Innovative Ethernet and storage networking solutions for data center, campus, and service provider networks help reduce complexity and cost while enabling virtualization and cloud computing to increase business agility.

 

To help ensure a complete solution, Brocade partners with world-class IT companies and provides comprehensive education, support, and professional services offerings. (www.brocade.com)

 

About Impulse Point

Impulse Point is a privately-held company addressing the challenges of managing network access policies and endpoint security within large infrastructures. SafeConnect offers an easy to implement and support endpoint policy management system. It seamlessly connects into existing multi-vendor network infrastructures while providing the flexibility to adhere to each organization’s unique computing policy philosophies. SafeConnect’s unique architecture provides a true out-of-line NAC solution that is vendor-independent, scalable, and flexible to meet your growth needs – resulting in reduced time, expense, and risk.

 

Key Contributors

The content in this guide was developed by the following key contributors.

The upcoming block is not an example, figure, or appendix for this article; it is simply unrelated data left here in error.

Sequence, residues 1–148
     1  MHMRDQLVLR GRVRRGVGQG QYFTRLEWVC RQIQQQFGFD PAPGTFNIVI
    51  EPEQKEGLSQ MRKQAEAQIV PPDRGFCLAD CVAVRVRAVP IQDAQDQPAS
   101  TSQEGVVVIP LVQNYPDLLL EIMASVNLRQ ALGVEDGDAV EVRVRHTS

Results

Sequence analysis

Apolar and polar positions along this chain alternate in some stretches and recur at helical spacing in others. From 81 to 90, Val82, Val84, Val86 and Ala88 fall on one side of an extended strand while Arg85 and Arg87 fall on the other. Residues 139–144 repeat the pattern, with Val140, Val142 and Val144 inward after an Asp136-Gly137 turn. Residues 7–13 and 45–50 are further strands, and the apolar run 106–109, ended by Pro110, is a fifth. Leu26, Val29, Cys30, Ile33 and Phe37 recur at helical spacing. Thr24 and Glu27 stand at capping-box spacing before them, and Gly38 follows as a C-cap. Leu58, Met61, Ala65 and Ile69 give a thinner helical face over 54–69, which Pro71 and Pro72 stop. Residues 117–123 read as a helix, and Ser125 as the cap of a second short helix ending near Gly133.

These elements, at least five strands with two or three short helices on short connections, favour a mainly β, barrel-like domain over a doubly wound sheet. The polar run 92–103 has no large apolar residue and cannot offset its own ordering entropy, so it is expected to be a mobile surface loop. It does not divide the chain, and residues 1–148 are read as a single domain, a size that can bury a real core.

Lead Architect: Venugopal Nalakonda, Strategic Solutions Lab

Technical Author: Brook Reams, Strategic Solutions Lab

 

Document History

Date                Version        Description

2013-03-15      1.0                Initial Release

 

Reference Architecture

This design guide is based on Brocade’s Campus LAN Infrastructure, Base Reference Architecture, (Campus Reference Architecture) as shown below. The Campus Reference Architecture provides a rich set of flexible, wired and wireless building blocks providing cost-effective scalability for a wide range of campus environments.

 

Campus_RA_FullTopology.jpg

  Campus Network Reference Architecture (click to enlarge)

 

The reference architecture can be applied to traditional core/distribution/access topologies spanning multiple buildings, or for a single school, hospital, or remote building using an optimized HyperEdge core/edge topology. The diagram below illustrates the range of design templates available. SafeConnect is part of the Network Management template providing the NAC service.

 

11919_Campus_RA_CannoicalArch#2.JPG 

Campus Network Design Templates with Building Blocks (click to enlarge)

 

The Brocade HyperEdge Architecture is designed to easily support integration of partner solutions such as, Impulse Point’s SafeConnect NAC appliance. The following sections review the business requirements, design requirements and special considerations for a successful BYOD solution using the Impulse Point SafeConnect NAC appliance.

 

References

 

Business Requirements